Wednesday, 9 October 2019

Choosing a mainstream secondary school for a child with SEN

Boy looking over a wall

When your child has special educational needs (SEN) it feels like there is an even greater weight to getting the right school for them. Many children with SEN can attend regular mainstream primary and secondary schools and have their needs met well there. Both our boys have an ASD diagnosis but only one went to a mainstream primary school.  When it came to his secondary transfer what would I share about choosing a mainstream school secondary school for a child with special educational needs?


Define your child's SEN and think of how these may be met in a secondary setting

Whether it's some individual learning plans, via the final or draft EHCP, or it is based on medical, therapy and psychological reports, start by getting an understanding of what your child's educational needs are.  Then consider how this could be met in a mainstream secondary setting?  Will they need extra space, access to specific facilities or people? What extra support will they need in school either to access education or for emotional well being?

Visit all your local schools

Lots of people assume that as you get to pick the school for your SEN child if they have an EHCP that you will just pick the best performing school in the area. This may be your final choice but don't assume the best performing school in the area is the right one for your child. Look at your child's SEN and think about what suits them. Would a smaller school be better? Is outside space really important? Or is natural lighting important. What about access? Drop off? School experience with areas of your child's needs?

We'd like every school to have everything but it's more often like buying a house. Perhaps we'd like lots of bedrooms, and a big garden, modern kitchen and a garage and a drive etc etc. But there are things we would like to have, and things we need. Which things at school are most important to your child?

For example, we knew Anthony would need a low distraction learning environment - two schools we visited had glass walls out to the corridor.  They were great for letting in natural light but we knew Anthony would be distracted by not only anyone in the corridor during lessons but by being able to see any other classroom.  Another school had separate dining and lunch areas for the Year 7 and this would have been helpful for him at break time.  Seems like a small thing but it could make a big difference if it's important.

If you can't find one that fits locally - look around.  A SEN child is not restricted by distance but you may find that if the LA thinks your child could go to a closer school then you won't get any additional help with their transport.

Talk to the school's SENCOs

The Special Educational Needs Coordinator or SENCO, will probably be responsible for developing the school’s SEN policy to make sure all children get appropriate support and high quality teaching and coordinating all the provision for children with special educational needs or disabilities (SEN). 

You will be working with this person, so meet them and see how they work. Talk to them about your child and see what thoughts they have on meeting their educational needs.  Share your concerns and see if you feel they have facilities at their disposal that can help.  It's worth baring in mind that not all schools have a full time SENCO as it depends on their needs. What we liked is someone who at least appeared organised, knowledgeable and above all seemed to care.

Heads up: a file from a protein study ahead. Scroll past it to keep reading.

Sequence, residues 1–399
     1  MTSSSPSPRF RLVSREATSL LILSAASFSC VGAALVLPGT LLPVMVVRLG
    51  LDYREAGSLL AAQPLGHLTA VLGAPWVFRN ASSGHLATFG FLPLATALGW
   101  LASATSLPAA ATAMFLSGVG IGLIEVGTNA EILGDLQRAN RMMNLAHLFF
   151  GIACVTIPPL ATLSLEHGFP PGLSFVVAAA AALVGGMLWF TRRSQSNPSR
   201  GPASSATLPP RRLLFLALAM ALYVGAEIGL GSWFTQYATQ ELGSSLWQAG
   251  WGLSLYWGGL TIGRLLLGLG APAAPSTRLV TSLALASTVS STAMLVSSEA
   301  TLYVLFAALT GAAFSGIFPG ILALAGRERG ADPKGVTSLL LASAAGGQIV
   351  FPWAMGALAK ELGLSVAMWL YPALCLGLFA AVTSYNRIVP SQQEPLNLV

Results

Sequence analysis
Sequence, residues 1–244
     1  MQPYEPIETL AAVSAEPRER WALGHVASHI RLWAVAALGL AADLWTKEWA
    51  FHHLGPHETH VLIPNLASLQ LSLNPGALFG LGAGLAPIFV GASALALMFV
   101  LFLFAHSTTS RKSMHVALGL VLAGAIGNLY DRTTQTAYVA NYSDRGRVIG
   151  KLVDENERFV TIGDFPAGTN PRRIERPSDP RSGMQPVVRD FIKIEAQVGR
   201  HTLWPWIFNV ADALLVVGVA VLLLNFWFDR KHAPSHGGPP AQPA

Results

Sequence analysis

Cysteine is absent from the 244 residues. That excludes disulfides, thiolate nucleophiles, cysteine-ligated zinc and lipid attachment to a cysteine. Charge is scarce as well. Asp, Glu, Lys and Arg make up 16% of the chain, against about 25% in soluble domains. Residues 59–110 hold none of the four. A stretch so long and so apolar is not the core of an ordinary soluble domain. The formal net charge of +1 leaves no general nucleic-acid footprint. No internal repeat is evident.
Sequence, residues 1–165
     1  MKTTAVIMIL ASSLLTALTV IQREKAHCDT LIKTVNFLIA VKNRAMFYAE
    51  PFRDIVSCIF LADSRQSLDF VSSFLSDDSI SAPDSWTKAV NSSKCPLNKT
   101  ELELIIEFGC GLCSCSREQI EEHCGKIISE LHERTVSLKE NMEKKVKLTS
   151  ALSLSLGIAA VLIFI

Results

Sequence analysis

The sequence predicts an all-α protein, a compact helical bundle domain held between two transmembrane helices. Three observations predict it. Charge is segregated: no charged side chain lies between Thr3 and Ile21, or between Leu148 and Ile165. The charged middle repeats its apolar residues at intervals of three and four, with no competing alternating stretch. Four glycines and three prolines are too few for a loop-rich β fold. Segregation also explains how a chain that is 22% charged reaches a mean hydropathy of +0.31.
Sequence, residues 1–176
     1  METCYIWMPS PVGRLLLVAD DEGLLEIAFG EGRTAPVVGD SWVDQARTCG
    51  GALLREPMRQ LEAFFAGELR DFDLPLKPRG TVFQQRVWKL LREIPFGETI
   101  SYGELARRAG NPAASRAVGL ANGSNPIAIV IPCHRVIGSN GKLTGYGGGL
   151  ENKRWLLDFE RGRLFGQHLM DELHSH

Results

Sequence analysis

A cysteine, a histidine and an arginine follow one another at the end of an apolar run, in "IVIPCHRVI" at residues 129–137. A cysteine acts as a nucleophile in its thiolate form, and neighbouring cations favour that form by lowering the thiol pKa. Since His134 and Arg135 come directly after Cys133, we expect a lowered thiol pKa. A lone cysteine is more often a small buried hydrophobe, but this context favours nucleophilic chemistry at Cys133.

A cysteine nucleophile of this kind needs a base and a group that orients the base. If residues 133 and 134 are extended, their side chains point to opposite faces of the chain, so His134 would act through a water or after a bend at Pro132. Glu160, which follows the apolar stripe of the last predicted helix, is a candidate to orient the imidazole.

Have a back up school

A school has to take a SEN child if they are the school named in the child's EHCP, but only if they can meet the child's needs and it won't affect the safety or learning of other pupils. This means they can turn you down.  I spoke to the SENCO at one of our local schools and they pretty much told us they would object to our son coming. As every school is different not all mainstream schools can meet the needs of every SEN child.

They have a responsibility to do all they can to meet your child's needs with support from the borough but sometimes they just can't. Some have break out rooms for small group activities, others don't have for example. Finally, if a you choose a school late, you could have to wait for a place. You can't turf another child out of school for yours. That's obviously unfair.

Visit a specialist unit or school

What, but I'm talking about mainstream? The LA's preference is for mainstream if it is suitable. It's inclusive and gives children a greater possibility of functioning in society sooner. Looking at specialist units or schools, however, is a great way to think about what the other schools offer in comparison. What bits about the units do you or don't you like and how are these characteristics represented in the mainstream schools. And what if mainstream schools can't meet the EHCP requirements? The jump from primary to secondary school is a bigger one than people often think.  At least you have an idea of alternatives.

I know it's a big decision and the more information you have the better. Ultimately you know your child best so you are the best person to decide where they will be happiest and most productive. If you've been through choosing a mainstream secondary school what advice would you pass on?

No comments:

Post a Comment

I read all your comments and appreciate you sharing your thoughts with me and our readers. I welcome any feedback on my posts and you can always contact me directly. Thank you.

Have a look at our most recent posts:

Follow
@rainbowsaretoo facebook.com/rainbowsaretoobeautiful Ann H on Google + rainbowsaretoo pinterest rainbowsaretoobeautiful bloglovin Instagram rainbowsaretoobeautiful
TOTS100 - UK Parent Blogs
TOTS100